Many brick-and-mortar stores seem to be shutting down within the last few years. According to CNN Money, ” the number so far this year is triple what it was in the same period last year…There have been 5,300 store closing announcements through June 20.” That’s quite a significant number of physical stores closing in just a quarter. Do you think that your brick-and-mortar store is in jeopardy now? Are you considering diving 100% into just your e-commerce site? Well, don’t make that decision just yet. Brick-and-mortar & e-commerce are both important to today’s consumer.
Brick-And-Mortar Stores are still Opening
Many digital retailers are still opening stores. But why now? Why would they want to open a store after reading those stats of just this year alone? It’s because the customer decides what you should or shouldn’t do for your business. Customers still want that tactile experience with products, now they just want this experience after already researching items online. Newly opened brick-and-mortars are just adapting to match customer expectations of today.
Just look at a few examples of former e-tailers that are opening up brick-and-mortar stores now. Amazon just opened a 4000 square-foot data-curated bookstore in New York, with bookstores opening in Washington as well. They’re also about to break into the grocery market after their purchase of Whole Food. Vistaprint just opened up a brick-and-mortar retail store called Vistaprint Studio. Warby Parker was an online eye wear retailer that opened more than 30 shops in the US. Athleta was online only for 10 years, but after being acquired by Gap in 2008, they had 80 stores by 2014. So why is this happening?
Why have a physical store?
In order to stay competitive, the in-person experience has to be richer and more satisfying. That tactile experience mixed with customer satisfaction strategies is what sets apart one brick-and-mortar stores from the rest. Consumers don’t differentiate buying online versus in person; it’s an all-around, holistic shopping experience they’re after. Consumers want the ability to shop online and in-person depending on their needs at any given time. The main factor involved here is this: Is the brick-and-mortar experience unique and satisfying enough for consumers to try and buy the product in person? It’s a combination of the two that can set a brand apart to create a more personalized experience.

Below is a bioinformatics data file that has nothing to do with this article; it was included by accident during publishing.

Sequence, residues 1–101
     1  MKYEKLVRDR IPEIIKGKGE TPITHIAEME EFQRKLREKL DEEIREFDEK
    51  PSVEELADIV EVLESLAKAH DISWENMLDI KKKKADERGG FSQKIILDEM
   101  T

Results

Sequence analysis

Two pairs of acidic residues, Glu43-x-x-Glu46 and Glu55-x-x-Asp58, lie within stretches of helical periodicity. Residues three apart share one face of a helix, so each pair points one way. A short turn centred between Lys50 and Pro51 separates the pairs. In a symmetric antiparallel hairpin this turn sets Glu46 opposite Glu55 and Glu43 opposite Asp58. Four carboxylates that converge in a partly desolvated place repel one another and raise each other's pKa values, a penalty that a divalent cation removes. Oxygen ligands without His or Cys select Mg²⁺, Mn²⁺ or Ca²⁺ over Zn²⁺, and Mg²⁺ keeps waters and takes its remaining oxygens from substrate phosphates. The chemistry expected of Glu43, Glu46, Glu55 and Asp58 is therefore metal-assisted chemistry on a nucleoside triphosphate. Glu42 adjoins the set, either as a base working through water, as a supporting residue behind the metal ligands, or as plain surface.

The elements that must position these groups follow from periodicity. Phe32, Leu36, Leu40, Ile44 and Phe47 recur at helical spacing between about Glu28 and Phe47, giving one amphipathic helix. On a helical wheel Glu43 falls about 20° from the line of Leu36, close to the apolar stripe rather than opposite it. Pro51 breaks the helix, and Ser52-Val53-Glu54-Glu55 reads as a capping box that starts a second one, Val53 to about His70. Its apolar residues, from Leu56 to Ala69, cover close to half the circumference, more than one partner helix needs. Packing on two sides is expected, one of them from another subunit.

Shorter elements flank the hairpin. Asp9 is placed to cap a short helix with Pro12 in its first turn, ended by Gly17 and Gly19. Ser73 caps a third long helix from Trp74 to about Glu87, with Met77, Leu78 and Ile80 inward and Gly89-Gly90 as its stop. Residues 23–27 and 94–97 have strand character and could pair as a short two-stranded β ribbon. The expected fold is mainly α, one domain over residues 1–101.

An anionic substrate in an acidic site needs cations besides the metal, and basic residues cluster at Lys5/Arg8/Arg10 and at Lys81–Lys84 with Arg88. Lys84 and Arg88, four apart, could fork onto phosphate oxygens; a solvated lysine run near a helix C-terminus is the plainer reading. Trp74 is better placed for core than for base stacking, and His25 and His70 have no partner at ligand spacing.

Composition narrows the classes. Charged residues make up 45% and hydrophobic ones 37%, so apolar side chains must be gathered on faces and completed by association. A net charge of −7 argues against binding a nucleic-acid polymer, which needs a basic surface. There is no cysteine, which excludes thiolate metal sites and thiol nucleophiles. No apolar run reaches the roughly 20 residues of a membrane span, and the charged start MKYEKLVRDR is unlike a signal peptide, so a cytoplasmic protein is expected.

The advantage from your online store and presence is the consumer data given to you. Retailers can know when and what customers purchase and how much each customer spent. Retailers can take this opportunity to utilize data to recreate or improve the in-store or physical experience.
Use brick-and-mortar to influence e-commerce
There are methods in which a retailer can use their retail store to drive traffic and sales to their e-commerce website. Retailers can use in-store data to identify spending habits and buyer personas. Retailers can also use direct engagement and incentives to drive online traffic. That’s part of the reason why at every store, they ask for your email or some type of information to re-create a lead with email/mail newsletters or discounts. This can restart the consumer purchase journey as they interact with your emails then check online for more products. After having a good in-store experience, consumers will come back to try the product in person. Do you see the new purchase cycle here?
Both brick-and-mortar stores and e-commerce websites hold individual importance and act in unison. Consumers are becoming more tech-savvy and are basically online every minute of the day, yet they still adhere to the traditional business purchase behavior. The only difference now is that a brick-and-mortar store needs to create the right customer experience to meet consumer expectations in order to compete. Consumers expect a more personal, interactive, and humanized brand experience, they expect to find you online. A good example is Apple with their Apple geniuses. Consumers see apple everywhere online, whether in videos, ads, or on their website. And their stores are always busy because customers need that expert opinion and experience that they can’t get online. The consumer purchase behavior is simply evolving and retailers need to adapt to it.